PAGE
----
So I’m grateful to the AMNT for this excellent new report, written by Professor Iain Clacher, who is on the call I know, which sets out proposals for a new working group to examine:
the overly complex and archaic voting infrastructure,
underinvestment in the stewardship function in fund management.
transparency of voting policies and outcomes.
scheme-specific reporting requirements.
And I am pleased to announce the establishment of that group today – the Taskforce on Pension Scheme Voting Implementation. This will be a task and finish group, with a focused remit to look at:
how we facilitate the delivery of solutions to voting system issues which overcome the present obstacles to trustees implementing their own policies
secondly how we increase the number of asset managers who are prepared to engage with their clients’ preferences and follow or as a minimum “align or explain” on trustee voting policies, including via pooled arrangements.
thirdly, recommending regulatory and non-regulatory measures to ensure the convergence of asset managers’ approaches to voting policy and execution with trustees’ policies and preferences, especially in pooled funds.
I am also able to announce today the appointment of Simon Howard, until very recently the CEO of the UK Sustainable Investment and Finance Association as Chair, and Sarah Wilson, the CEO of Minerva Analytics as the vice-chair.
Both come with a long pedigree, and many of you will be familiar with their work. Simon and his organisation have done sterling work in promoting the importance of ESG and responsible investment more broadly, and have done excellent work on pensions, including their report Changing Course earlier this year.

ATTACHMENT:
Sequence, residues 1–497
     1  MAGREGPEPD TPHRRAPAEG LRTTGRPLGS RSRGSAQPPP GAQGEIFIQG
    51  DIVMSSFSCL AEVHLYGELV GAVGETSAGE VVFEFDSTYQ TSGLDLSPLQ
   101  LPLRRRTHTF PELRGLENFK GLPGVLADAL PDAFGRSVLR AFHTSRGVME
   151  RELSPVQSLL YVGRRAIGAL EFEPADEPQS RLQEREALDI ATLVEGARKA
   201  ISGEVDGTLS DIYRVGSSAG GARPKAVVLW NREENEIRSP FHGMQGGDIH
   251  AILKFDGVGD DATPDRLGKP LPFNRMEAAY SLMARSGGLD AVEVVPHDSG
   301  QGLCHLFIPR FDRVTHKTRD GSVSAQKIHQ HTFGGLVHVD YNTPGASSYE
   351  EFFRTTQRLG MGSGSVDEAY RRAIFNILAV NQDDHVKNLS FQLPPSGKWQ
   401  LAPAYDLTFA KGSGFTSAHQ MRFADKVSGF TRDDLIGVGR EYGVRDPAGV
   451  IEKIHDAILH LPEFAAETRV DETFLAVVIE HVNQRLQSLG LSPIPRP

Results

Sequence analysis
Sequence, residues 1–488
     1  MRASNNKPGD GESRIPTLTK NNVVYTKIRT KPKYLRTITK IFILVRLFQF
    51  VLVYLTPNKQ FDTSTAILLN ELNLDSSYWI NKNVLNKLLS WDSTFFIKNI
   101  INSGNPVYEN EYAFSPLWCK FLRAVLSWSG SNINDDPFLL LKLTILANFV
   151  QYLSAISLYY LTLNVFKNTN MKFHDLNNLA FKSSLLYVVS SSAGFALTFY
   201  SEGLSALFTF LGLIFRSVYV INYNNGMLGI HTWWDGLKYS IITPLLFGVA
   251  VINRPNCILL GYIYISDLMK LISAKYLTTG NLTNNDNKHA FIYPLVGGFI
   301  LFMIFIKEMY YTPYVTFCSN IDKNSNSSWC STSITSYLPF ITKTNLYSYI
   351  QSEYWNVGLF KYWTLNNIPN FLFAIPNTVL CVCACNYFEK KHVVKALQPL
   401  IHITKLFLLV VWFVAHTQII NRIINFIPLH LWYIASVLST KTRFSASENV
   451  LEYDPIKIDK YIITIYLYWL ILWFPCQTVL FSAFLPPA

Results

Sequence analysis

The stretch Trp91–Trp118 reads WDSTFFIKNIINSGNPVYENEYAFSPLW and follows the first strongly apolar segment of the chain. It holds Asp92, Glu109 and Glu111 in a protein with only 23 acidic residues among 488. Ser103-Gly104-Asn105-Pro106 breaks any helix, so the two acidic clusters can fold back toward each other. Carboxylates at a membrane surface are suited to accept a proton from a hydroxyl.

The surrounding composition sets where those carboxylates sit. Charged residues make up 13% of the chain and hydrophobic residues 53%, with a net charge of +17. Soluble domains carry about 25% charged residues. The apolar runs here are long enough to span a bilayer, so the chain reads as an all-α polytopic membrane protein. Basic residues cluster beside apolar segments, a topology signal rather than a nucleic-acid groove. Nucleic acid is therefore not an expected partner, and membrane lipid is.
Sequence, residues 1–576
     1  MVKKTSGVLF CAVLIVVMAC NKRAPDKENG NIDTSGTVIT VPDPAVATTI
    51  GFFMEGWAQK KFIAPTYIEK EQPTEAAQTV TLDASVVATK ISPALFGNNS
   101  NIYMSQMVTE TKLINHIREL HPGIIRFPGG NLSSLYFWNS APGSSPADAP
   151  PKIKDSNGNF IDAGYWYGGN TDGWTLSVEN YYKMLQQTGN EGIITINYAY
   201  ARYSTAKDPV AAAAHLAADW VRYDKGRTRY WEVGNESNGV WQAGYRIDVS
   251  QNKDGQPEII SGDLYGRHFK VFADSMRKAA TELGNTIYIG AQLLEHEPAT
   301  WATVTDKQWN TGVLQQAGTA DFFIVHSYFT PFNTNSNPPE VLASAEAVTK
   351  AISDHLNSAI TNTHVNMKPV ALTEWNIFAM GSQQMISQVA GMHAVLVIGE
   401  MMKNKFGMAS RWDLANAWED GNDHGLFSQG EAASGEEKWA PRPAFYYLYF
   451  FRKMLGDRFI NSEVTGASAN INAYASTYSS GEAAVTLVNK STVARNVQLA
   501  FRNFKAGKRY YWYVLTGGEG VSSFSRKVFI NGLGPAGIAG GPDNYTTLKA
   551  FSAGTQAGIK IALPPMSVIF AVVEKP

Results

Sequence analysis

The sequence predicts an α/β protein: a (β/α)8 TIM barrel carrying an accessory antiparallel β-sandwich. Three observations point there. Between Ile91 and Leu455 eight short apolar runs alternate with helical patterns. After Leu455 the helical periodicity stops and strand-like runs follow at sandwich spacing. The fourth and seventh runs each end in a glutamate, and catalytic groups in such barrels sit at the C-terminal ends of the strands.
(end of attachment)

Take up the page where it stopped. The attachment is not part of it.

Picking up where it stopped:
As a result, I am taking forward their recommendations of a central directory of Statements of Investment Principles supported by TPR (The Pensions Regulator) and the DWP.
We need a long-standing champion of the asset owner voice in voting, and I cannot improve on Sarah Wilson, who is the Chief Executive, Minerva Analytics. She was awarded the Excellence in Corporate Governance Award from the International Corporate Governance Network, for her efforts to improve the essential infrastructure that underpins effective corporate governance and investor stewardship.
The group will also include representatives of the AMNT, with the rest of the membership to be announced in due course.
The group will be supported by the DWP, but independent of the DWP. I have also asked the group to support and advise on the development of voting policies for occupational pension schemes, and further proposals for better disclosure of votes in a standardised and comparable way, which allows trustees and ultimately savers to see the quality of the service they are getting.
I want genuinely for this to be a standardised approach across the board.
In the final minutes of my remarks let me explain why I think this step is so important. It’s very simple. The investment chain is very long and very tangled, but ultimately you, as trustees of pension schemes are the asset owners at the end of that chain. And when you act, the ownership chain is tighter.
That means better governance of firms in the real economy, more sustainable value creation and better outcomes for your savers.
When trustees invest, too often they are being asked to select funds in advance on vague or sometimes non-committal voting policies and historic voting records which are opaque, inconsistent and sometimes incomplete. That’s why I’ve spoken a few times about a mixed economy in voting. The ability for trustees to set their own granular voting policy where they wish, and to expect to be able to find a manager who is willing to implement it at a fair price.